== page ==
# What is a direction vector and why should it be normalized?

I've been trying to get the hang of vectors and I read Wolfire's blog about linear algebra and I seem to understand most stuff except when it comes to storing a direction as a vector and using it by multiplying the velocity by it. I know it has to be normalized (have a length of 1), but why does it have to be 1 specifically and how would I use it?

Also how would I represent it in 2D [x,y] coordinates. For example if I wanted a direction such as North-East?

A 2D vector has two values (x and y), and it basically says how far you go from the point of origin in the x- and in the y-direction. For example, a vector of (3,4) goes 3 units in x direction and 4 units in the y direction, resulting in an angled line with a length of 5 (3² + 4² = 9+16 = 25, root of that is 5). So the vector basically gives you two pieces of information:

1) Direction and

2) length

If you now want to calculate where an object moves, you take direction * speed, but you have to normalise the vector to the length of 1 so it doesn't skew your results. If you used the above vector as is, it would multiply your speed by 5 (its length), so your object would move five times as fast as intended. If you have a normalised vector with a length of 1, the 1 is neutral in multiplications and doesn't cause you any trouble.

I'm sure there are more technical explanations, but that's the gist of it.

• Regarding the North-East-Question: This is a question of definition. If you say North is up/+y and East is right/+x, the vector (3,4) would point North-East, while the vector (3,-4) would point South-East. Both would have the (positive) length of 5 (squaring deletes the minus). – J_F_B_M Sep 1 '14 at 21:33
• Thanks. As I mentioned in my comment to Philip's answer, I must have missed the part about North-East. – Christian Sep 1 '14 at 21:39
• @Christian Thanks for the answer and explaining clearly – user51213 Sep 2 '14 at 16:51

First of all, it depends on your coordinate system. But if we look onto your world from the top and assume that North/South is the y-axis (+y = North) and West/East is the x-axis (+x = East), you could represent the direction "North-East" as the (un-normalized) vector [1, 1] or the (normalized] vector: Example visualization in WolframAlpha.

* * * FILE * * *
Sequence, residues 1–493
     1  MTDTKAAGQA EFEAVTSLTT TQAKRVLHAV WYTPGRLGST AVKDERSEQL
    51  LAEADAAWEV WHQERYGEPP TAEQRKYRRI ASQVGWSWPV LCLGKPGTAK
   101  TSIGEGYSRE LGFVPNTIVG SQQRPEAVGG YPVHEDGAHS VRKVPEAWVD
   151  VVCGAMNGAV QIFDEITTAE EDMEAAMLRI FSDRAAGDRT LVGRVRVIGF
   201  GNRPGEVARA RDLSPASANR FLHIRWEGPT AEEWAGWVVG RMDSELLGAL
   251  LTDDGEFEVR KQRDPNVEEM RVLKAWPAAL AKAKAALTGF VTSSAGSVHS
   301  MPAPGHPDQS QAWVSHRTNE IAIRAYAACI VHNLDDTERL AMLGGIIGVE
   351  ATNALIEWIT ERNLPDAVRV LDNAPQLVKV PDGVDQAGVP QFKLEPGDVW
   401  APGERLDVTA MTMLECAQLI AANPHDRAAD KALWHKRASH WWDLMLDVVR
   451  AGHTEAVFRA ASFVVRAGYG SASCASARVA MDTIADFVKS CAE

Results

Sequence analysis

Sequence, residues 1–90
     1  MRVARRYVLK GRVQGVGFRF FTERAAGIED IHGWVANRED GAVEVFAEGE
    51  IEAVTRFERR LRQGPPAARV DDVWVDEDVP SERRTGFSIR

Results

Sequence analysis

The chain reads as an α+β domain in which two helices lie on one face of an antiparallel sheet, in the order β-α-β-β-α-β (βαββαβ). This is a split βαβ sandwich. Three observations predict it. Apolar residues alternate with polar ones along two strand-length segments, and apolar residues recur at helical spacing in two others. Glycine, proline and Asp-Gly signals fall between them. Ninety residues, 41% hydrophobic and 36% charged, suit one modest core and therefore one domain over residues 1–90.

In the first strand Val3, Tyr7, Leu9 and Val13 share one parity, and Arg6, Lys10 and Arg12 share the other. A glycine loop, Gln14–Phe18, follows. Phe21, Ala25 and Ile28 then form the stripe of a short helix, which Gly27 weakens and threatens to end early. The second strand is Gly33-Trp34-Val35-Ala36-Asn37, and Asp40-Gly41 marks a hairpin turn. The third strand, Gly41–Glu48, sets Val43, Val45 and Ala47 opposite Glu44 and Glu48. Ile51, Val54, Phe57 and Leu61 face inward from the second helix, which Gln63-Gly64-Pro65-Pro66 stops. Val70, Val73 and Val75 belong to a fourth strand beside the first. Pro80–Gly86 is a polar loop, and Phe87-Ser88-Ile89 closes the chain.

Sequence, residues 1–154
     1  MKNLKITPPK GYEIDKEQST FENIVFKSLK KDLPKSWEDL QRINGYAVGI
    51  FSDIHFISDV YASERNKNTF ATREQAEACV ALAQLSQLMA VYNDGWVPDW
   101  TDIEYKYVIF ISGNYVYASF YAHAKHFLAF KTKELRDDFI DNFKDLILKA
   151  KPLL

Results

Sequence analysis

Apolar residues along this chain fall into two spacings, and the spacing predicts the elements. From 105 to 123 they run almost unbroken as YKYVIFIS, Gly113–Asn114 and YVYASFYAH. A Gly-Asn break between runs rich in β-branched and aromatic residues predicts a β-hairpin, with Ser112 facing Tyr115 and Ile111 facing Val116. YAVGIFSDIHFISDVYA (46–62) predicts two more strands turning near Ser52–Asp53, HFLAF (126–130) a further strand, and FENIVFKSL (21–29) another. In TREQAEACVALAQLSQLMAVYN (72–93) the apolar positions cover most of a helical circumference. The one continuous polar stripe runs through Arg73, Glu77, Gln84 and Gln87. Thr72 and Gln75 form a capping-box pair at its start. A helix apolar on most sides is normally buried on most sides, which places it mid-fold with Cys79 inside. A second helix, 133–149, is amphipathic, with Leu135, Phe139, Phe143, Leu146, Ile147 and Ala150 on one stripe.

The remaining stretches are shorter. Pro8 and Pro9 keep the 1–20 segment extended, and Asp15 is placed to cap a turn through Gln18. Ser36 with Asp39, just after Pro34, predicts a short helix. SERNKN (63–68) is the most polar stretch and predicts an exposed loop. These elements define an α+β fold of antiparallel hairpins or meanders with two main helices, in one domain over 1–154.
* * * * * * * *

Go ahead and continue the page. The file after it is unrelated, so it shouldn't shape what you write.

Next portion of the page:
It's just a standard and it makes things easier for everyone.

Why does it have to be 1 specifically?

It doesn't. It's just a standard. If you want so in your game, you can make all your vectors of length 2. I wouldn't call it normalized though because normalization has a mathematical definition of its own.

As long as you have all your vectors in the game standard (all of them of unit length N, doesn't matter what N is, but 1 is pretty standard), you could still do the direction*speed technique.

All that said, I don't know anyone who uses other unit lengths other than 1. I just want you to know that it doesn't have to be so, it's just much easier for everyone.

How would I use it?

A normalized vector would signify direction. That makes it convenient to mash up with speed.

For every frame, instead of doing position = newPosition or position = position + movementVector, you could generalize everything with position = position + direction*speed.

• In other words, what number is there that is easier to multiply by than 1 (well, apart from zero because that'd be quite useless in this context)? ;) – tangrs Sep 2 '14 at 4:57
• Exactly. It's simply the most convenient thing to do : normalize vectors to unit 1 length. – Zaenille Sep 2 '14 at 5:00
• This is slightly incorrect, and perhaps misleading. If you do not normalize, the math with still go through, but the results will distorted. Note Christian's answer, where he explains why normalization is important. Maybe the effect ends up being what you want for your game, but this is not solid mathematics. It's about being the multiplicative identity, not just being "easy". Multiplication by 2 is quite easy, but being off by a factor of 2 would still skew your output. – RavensKrag Sep 2 '14 at 10:23